What does it mean to live with this paradox of native and conqueror? Our duel identity can allow us to be honest about our own power while keeping it in check. Yes, we Jews, in Israel and in the United States, have a lot of power and a strong sense of belonging, but our other role as former slaves reminds us that this power must be balanced with a strong commitment to justice and looking out for those less powerful. As wanderers, we remember what it was like to be weak and on the outside of society, but part of our survival as a people was an ability to stay true to a textual tradition and narrative that never let us let go of a sense that we were one people bound together.

It is critical that we look deeply at these core elements of what it means to be Jewish. It means leveraging our power and sense of security for the sake of those less secure and it means doubling down on our commitment to our language and textual tradition that has kept us together, creative and thriving throughout our generations.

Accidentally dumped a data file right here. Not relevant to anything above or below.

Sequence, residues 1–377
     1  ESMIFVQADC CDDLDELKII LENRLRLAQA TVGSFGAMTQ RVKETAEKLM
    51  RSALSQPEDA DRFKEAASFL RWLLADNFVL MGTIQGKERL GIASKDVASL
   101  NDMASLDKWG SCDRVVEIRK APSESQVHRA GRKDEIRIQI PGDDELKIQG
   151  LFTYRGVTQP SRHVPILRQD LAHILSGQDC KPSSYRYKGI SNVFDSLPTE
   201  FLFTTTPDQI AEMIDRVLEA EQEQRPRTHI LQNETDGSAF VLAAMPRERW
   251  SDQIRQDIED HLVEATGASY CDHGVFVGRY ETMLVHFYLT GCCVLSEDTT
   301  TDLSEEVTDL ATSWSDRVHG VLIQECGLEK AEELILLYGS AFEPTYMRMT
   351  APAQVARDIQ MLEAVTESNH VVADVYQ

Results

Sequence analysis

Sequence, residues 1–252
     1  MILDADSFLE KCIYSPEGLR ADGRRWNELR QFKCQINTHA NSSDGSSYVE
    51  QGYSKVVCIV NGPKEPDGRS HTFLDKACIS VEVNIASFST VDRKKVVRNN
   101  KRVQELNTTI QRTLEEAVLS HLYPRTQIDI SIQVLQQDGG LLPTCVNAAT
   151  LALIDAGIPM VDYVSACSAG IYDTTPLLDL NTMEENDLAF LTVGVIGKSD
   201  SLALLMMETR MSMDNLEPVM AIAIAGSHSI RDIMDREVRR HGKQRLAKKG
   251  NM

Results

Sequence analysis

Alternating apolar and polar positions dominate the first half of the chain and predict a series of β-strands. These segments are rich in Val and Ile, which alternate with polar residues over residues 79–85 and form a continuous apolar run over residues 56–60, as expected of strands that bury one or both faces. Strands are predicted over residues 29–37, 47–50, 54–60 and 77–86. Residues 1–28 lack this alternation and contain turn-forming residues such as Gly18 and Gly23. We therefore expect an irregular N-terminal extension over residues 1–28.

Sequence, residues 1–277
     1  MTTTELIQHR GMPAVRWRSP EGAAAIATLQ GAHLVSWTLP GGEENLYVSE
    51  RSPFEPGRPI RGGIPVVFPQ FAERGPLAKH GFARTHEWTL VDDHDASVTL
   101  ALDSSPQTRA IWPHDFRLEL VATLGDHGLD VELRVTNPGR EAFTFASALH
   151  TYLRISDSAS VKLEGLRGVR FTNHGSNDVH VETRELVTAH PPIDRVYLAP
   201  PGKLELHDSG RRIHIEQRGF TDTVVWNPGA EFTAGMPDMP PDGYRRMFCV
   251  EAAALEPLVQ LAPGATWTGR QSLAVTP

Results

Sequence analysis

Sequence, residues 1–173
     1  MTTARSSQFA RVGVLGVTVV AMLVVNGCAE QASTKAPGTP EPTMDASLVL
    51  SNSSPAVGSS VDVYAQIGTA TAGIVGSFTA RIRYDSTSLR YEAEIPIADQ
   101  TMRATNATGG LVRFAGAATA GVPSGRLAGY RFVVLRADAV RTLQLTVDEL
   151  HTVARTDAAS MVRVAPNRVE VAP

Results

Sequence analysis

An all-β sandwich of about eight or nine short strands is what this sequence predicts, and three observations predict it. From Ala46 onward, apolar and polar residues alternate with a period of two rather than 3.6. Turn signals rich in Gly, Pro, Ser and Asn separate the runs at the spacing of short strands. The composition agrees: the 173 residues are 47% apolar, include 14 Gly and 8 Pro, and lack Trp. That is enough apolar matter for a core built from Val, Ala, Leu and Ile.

Parashat Devarim Self-Study
Vered Hollander-Goldfarb, Conservative Yeshiva Faculty

We are starting the book of Devarim (Deuteronomy), the fifth book of the Torah. It contains mostly Moshe’s final words to the People of Israel including historic narratives, legal material, and Moshe’s take on what might happen in the future.

1) The book opens with the statement that “these are the words that Moshe spoke… across the Jordan, in the wilderness…between Paran and Tofel… It was in the 40th year, in the eleventh month, on the first of the month…” (1:1-3). Why do you think the exact location and time of this speech are given?

2) Moshe starts his words with ‘God told us to go and conquer the land that was promised to Abraham, Isaac and Jacob…’ (1:6-8). At what other points in the story might he have started? Why does he start with this?